News & Politics

Bill Maher Takes on the COVID-19 Narrative and Unexpectedly Give Props to Gov. Ron DeSantis

(Janet Van Ham/HBO via AP)

Bill Maher, the host of Real Time, proved he has a balanced news diet and does not swallow the narratives of the corporate media whole, at least on COVID-19. In his opening monologue this weekend, he blasted the liberal media outlets, based on poll results demonstrating that a plurality of Democrats overestimates the risks of COVID-19.

He said the media, the government, and the medical establishment took a “scared straight” approach to the pandemic to get people to comply with the recommendations. “Give it to me straight, doc, ’cause in the long run, that always works better than ‘you can’t handle the truth.'” Maher said he understands that doctors will sometimes exaggerate to get people to finish a medication, and politicians lie to cover their mistakes.

And in the media, it is pretty clear that if it bleeds, it leads. Maher called out the Dartmouth study that found that other countries mixed the good news and the bad news while the U.S. national media reported almost 90% bad news. Maher was not shy about exposing the apparent agenda, even if he had to take swipes at the left:

When all of our sources for medical information have an agenda to spin us, you wind up with a badly misinformed population. Including on the left. Liberals often mock the Republican misinformation bubble, which of course is very real. Ask anyone who works at Hillary’s pizza parlor. And we do know conservatives have some loopy ideas about COVID. Like the third of Republicans who believe it couldn’t be spread by someone showing no symptoms.

But what about liberals? You know, the high-information, by-the-science people? In a recent Gallup survey, Democrats did much worse than Republicans in getting the right answer to the fundamental question: “What are the chances that someone who gets COVID will need to be hospitalized.” The answer is between one and five percent. Forty-one percent of Democrats thought it was over 50% Another 28% put the chances at 20 to 49%. Almost 70% of Democrats are wildly off on this key question, and also have a greatly exaggerated view of the danger of COVID too, and the mortality rate among children. All of which explains why today the states with the highest share of schools that are still closed are all blue states.

So, if the right-wing media bubble has to own things like climate-change denial, shouldn’t liberal media have to answer “how did your audience wind up believing such a bunch of crap about COVID?”

Maher mocked The Atlantic for saying news outlets needed to stop using pictures of the beach for COVID stories because they give people the wrong idea. He flashed his science cred, noting that the beach is one of the best places you can be because sunlight is the best disinfectant, and vitamin D is the key to a robust immune system. Impressive. Citing Texas lifting their COVID restrictions and having lower cases three weeks later, he credits people getting outdoors.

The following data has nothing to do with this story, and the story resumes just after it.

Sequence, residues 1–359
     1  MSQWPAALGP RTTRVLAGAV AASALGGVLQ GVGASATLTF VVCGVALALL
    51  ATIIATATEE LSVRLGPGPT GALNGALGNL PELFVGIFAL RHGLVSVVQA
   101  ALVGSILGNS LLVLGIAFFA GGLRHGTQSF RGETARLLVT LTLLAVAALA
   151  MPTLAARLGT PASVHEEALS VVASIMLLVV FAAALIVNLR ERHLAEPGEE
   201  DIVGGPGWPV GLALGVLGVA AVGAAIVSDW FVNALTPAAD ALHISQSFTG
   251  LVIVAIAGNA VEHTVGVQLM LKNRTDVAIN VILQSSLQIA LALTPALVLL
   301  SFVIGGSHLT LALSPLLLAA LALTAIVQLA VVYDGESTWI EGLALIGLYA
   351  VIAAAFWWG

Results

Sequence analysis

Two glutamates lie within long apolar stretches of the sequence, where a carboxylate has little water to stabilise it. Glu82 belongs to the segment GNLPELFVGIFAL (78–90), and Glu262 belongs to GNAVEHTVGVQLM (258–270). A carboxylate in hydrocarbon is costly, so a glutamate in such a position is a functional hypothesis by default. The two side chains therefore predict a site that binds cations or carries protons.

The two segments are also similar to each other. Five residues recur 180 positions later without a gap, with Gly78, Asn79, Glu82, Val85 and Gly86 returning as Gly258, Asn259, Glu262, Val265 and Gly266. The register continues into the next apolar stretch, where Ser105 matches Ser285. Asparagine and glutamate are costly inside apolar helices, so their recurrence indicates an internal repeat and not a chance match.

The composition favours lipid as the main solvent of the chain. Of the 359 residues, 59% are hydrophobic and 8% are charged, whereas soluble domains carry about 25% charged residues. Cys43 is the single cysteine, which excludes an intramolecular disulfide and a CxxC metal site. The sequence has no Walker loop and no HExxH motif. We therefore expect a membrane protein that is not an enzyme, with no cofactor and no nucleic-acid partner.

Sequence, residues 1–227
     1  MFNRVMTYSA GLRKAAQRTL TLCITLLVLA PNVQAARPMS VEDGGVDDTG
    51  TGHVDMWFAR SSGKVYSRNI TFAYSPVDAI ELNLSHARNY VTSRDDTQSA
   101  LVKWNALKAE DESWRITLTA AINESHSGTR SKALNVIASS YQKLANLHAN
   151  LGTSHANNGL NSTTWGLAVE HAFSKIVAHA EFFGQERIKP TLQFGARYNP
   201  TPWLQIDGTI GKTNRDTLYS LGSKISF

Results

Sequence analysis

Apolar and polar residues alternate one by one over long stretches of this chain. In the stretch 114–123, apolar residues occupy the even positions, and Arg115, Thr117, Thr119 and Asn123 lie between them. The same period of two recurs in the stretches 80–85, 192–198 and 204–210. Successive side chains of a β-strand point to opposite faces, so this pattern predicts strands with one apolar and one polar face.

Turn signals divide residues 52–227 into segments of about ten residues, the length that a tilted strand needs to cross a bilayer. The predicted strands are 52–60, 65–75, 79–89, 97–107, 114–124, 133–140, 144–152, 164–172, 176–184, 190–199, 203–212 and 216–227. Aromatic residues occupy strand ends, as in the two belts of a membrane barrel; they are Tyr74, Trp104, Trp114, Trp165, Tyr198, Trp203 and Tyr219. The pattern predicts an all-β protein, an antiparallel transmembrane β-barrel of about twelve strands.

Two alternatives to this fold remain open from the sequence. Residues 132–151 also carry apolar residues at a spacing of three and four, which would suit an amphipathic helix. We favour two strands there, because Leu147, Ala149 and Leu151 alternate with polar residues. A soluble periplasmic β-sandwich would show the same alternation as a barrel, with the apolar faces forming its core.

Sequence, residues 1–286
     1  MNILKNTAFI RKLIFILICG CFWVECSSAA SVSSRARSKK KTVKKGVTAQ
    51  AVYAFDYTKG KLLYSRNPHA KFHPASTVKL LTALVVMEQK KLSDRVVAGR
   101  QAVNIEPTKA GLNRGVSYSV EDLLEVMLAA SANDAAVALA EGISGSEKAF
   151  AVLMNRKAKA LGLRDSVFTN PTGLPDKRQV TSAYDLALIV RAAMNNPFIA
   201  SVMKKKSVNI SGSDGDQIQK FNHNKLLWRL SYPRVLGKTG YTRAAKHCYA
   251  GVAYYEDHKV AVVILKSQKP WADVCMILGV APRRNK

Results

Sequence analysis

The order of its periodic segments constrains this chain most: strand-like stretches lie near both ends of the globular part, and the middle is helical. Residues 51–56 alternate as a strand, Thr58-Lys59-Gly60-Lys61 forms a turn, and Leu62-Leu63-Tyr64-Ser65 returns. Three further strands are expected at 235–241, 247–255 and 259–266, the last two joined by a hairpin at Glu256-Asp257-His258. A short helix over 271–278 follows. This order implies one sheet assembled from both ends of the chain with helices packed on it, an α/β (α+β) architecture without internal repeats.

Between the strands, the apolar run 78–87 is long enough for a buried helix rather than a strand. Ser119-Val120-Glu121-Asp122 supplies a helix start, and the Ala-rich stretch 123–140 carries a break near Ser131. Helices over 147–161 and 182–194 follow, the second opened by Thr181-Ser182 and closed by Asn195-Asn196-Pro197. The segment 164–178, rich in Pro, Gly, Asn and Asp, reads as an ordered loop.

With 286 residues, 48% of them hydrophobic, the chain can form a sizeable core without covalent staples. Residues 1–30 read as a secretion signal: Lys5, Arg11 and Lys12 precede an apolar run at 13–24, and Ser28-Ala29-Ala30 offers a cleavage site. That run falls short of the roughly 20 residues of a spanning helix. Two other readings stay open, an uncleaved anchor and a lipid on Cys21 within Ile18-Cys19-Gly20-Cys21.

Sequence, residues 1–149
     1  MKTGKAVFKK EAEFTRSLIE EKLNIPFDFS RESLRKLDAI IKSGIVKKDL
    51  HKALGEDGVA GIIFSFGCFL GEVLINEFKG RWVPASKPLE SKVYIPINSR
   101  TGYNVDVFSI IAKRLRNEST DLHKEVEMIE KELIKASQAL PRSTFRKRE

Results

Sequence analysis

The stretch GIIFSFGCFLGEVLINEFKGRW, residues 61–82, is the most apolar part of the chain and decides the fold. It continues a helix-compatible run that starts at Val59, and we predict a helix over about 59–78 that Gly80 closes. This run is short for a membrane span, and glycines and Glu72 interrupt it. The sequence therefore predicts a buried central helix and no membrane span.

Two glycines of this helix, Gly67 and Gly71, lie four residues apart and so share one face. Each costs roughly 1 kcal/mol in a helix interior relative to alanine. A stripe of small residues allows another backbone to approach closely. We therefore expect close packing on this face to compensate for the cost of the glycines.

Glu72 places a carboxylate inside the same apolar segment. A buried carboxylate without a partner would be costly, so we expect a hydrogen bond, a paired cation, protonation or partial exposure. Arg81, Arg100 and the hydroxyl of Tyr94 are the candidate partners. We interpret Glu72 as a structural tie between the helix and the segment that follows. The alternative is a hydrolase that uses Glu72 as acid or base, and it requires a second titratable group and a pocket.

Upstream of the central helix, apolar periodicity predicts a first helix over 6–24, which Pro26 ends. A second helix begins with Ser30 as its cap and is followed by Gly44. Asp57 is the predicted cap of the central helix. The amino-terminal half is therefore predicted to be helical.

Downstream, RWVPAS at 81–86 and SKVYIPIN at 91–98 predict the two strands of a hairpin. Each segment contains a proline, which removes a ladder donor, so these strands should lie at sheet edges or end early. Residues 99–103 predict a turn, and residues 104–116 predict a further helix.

Then, using what might be the worst picture in the Getty library of Florida Governor Ron DeSantis, he busted the narrative on COVID management:

But too many liberals say that can’t be right, because Texas and beach-loving Florida have Republican governors. But life is complicated. I’ve read what the governor of Florida reads. I know we like to think of Florida as only middle-school teachers on bath salts having sex with their students in front of an alligator. But, apparently, the governor is also a voracious consumer of the scientific literature.

And maybe that’s why he protected his most vulnerable population, the elderly, way better than did the Governor of New York. Those are just facts. I know it’s irresponsible of me to say them.

That’s an amazing admission for Maher, given that DeSantis is the number one target of the national media and Democrats. His profile within the Republican Party has risen over the last six months, and he is considered a top-tier candidate for 2024 by left-leaning outlets like Politico. Maher might have just given the competition a boost.

Emphatically, Maher said he did not want politics mixed in with his medical decisions and gave examples of how highly politicized the pandemic has become. Unfortunately, he went back to the debunked story about President Trump telling people to ingest bleach. In reality, President Trump referred to UV light as a disinfectant, as Maher did.

Maher noted the one risk factor no one talked about enough, one that individuals can control:

I think a lot of people died because of Trump’s incompetence. And I think a lot of people died because talking about obesity had become a third rail in America. I know you’ve heard me pound this fried drumstick before. But since I last mentioned it, a stunning statistic was reported.

Seventy-eight percent of those hospitalized, ventilated, or dead from COVID have been overweight. It is the key piece of the puzzle. By far the most pertinent factor. But you dare not speak its name.

Despite the gratuitous and often stereotypical characterizations of Republicans Maher likes to use, he is entirely accurate about the awful media coverage. I wonder if he knows that, at least at CNN, it was intentional. He is also correct that the media and health bureaucrats rarely discuss the most significant thing Americans could do to lower their risk of serious illness. And we should all agree that we do not want politics mixed with our healthcare.

WATCH the full monologue